Do Risk Prediction Models for Postoperative Delirium Consider Patients’ Preoperative Medication Use?
Medicines are potentially modifiable risk factors for postoperative delirium. However, the extent to which preoperative medicines are included in risk prediction models (RPMs) is unknown.
This systematic review aimed to assess the extent of inclusion of preoperative medications in RPMs for postoperative delirium.
Articles were systematically searched from MEDLINE, EMBASE and CINAHL using Medical Subject Headings (MeSH) where possible and keywords for postoperative delirium and prediction model. Studies published until May 2017 with a primary outcome of postoperative delirium that developed an RPM containing preoperative patient information were considered. Where a study had two cohorts, a derivation and a validation cohort, findings from the derivation cohort were extracted and reported.
Eighteen prospective and one retrospective cohort studies were included for review. Of the 19 studies, only nine considered preoperative medication data, with medications appearing as predictor variables in five models. There was wide variability in the factors included in the final models, with the most frequent predictors being age and cognitive impairment, appearing in 13 (68%) and 11 (58%) RPMs, respectively.
While medications are commonly cited risk factors for delirium, they are not adequately considered when developing RPMs. Future studies aiming to develop an RPM for postoperative delirium should include preoperative medication data as a potential predictor variable because of the modifiable nature of medication use and its impact on other factors commonly in models, such as cognition.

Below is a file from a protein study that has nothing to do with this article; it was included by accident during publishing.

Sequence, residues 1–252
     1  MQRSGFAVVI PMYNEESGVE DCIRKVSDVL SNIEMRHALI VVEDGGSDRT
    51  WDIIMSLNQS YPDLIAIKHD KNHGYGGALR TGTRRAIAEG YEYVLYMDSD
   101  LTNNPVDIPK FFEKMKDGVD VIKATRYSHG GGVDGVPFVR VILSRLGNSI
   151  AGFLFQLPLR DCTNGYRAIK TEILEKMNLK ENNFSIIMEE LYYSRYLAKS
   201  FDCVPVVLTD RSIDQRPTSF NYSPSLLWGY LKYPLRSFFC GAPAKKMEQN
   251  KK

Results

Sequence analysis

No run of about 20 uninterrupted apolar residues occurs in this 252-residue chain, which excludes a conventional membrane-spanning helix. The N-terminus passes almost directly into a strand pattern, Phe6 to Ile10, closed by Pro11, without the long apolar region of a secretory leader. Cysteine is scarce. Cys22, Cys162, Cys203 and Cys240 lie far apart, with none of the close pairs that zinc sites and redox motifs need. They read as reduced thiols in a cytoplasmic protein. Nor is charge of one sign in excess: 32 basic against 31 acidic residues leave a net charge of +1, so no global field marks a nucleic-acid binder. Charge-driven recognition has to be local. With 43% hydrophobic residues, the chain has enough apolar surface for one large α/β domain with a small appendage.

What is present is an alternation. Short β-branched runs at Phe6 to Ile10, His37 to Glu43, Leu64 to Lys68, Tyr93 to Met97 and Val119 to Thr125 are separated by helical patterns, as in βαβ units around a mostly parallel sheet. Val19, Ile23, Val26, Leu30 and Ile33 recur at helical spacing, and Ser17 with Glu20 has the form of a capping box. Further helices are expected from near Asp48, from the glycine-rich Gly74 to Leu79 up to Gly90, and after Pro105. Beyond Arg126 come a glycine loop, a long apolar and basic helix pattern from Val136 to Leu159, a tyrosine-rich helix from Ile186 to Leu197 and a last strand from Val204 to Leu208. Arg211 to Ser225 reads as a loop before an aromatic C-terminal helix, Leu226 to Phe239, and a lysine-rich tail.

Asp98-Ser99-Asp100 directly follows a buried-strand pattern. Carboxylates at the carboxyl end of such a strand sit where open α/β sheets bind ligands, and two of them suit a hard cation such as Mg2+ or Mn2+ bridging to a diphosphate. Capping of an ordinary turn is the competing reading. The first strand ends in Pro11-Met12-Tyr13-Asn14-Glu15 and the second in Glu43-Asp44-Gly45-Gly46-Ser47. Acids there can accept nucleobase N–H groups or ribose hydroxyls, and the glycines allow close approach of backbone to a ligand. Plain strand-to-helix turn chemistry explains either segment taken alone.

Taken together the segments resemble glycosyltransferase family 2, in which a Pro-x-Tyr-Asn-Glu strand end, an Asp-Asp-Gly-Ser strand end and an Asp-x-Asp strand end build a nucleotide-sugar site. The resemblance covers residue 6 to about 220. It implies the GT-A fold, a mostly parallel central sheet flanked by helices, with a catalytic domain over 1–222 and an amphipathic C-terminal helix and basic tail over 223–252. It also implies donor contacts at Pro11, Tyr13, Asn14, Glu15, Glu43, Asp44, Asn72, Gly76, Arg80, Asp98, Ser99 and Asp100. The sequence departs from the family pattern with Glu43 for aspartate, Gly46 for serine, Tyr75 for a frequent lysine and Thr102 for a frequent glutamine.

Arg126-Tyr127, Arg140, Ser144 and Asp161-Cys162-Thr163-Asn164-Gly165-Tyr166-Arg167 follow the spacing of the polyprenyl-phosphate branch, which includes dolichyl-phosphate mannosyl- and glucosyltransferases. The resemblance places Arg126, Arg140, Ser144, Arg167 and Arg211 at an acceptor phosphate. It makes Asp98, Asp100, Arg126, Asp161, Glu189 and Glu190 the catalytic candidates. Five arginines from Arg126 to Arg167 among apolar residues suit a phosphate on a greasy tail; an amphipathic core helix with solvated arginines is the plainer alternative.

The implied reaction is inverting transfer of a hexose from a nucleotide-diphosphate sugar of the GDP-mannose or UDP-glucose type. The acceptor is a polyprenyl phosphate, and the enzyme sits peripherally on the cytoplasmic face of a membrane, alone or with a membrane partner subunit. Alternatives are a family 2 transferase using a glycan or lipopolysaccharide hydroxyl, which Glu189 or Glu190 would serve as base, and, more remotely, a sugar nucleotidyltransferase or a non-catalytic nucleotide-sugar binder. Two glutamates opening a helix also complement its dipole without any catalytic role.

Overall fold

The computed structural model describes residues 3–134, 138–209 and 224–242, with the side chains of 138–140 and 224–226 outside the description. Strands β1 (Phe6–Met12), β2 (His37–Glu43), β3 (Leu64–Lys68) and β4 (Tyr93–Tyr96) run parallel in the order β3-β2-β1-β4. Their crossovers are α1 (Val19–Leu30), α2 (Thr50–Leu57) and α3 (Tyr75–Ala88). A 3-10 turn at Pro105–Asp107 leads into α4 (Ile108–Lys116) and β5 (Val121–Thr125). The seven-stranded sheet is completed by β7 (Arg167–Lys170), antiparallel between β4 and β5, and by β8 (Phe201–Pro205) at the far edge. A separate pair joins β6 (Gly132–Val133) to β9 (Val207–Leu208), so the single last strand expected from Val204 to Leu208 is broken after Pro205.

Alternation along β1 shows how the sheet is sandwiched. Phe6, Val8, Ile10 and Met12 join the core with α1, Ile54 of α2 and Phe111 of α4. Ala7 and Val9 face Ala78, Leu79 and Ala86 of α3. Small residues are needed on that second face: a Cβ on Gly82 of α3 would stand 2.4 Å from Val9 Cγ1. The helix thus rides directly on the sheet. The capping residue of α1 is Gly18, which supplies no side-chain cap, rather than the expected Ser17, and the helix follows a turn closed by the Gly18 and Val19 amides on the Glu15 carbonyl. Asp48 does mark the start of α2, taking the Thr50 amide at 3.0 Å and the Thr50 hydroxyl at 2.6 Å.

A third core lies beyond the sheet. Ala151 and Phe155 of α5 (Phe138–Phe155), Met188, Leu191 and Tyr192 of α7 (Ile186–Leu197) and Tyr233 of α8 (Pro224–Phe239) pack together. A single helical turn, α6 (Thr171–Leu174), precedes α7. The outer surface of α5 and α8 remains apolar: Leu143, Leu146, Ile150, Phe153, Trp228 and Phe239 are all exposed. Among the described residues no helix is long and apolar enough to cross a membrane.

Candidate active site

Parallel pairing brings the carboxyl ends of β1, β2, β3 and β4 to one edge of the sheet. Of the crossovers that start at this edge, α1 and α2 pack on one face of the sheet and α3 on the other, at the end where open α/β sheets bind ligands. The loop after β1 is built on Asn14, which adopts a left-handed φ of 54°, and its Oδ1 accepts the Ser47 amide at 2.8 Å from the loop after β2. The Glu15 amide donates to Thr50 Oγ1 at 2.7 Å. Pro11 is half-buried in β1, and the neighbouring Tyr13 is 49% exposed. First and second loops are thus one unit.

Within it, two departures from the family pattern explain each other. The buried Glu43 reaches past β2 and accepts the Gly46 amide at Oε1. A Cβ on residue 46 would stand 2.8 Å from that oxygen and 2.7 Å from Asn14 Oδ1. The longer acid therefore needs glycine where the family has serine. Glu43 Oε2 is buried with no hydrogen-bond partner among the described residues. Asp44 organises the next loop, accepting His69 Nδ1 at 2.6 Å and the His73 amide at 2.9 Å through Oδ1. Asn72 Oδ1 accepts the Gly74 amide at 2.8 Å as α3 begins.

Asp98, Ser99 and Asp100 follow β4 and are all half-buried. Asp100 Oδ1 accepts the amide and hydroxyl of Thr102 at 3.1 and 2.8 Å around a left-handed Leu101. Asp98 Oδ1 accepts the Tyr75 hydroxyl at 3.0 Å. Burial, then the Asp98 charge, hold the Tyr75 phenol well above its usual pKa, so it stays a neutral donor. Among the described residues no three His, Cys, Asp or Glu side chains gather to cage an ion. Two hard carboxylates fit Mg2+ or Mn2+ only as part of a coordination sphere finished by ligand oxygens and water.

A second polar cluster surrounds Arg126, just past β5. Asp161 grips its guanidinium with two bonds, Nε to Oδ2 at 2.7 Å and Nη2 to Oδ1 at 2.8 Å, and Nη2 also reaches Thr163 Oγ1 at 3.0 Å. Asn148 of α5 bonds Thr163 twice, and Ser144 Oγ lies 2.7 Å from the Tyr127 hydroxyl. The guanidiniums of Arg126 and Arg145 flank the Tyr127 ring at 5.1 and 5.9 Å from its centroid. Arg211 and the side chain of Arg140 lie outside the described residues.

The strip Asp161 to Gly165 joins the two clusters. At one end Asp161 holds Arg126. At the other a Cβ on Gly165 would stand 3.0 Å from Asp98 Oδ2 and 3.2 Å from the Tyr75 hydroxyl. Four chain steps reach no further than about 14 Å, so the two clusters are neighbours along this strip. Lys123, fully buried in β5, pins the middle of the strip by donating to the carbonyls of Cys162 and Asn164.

We thank the health librarians of the University of South Australia who assisted us in searching the literature.
GMK is supported by an Australian Government Research Training Program Scholarship. LMKE and TAN are both supported by National Health and Medical Research Council (NHMRC)–Australian Research Council (ARC) Dementia Research Development Fellowships (LMKE grant identification number APP1101788, TAN grant identification number APP1103860). EER is supported by an NHMRC Senior Principal Research Fellowship (grant identification number APP1110139). The contents of the published material are solely the responsibility of the individual authors and do not reflect the views of NHMRC.
Compliance with Ethical Standards
Conflict of interest
Gizat M. Kassie, Tuan A. Nguyen, Lisa M. Kalisch Ellett, Nicole L. Pratt and Elizabeth E. Roughead declare that they have no conflicts of interest relevant to the content of this review.
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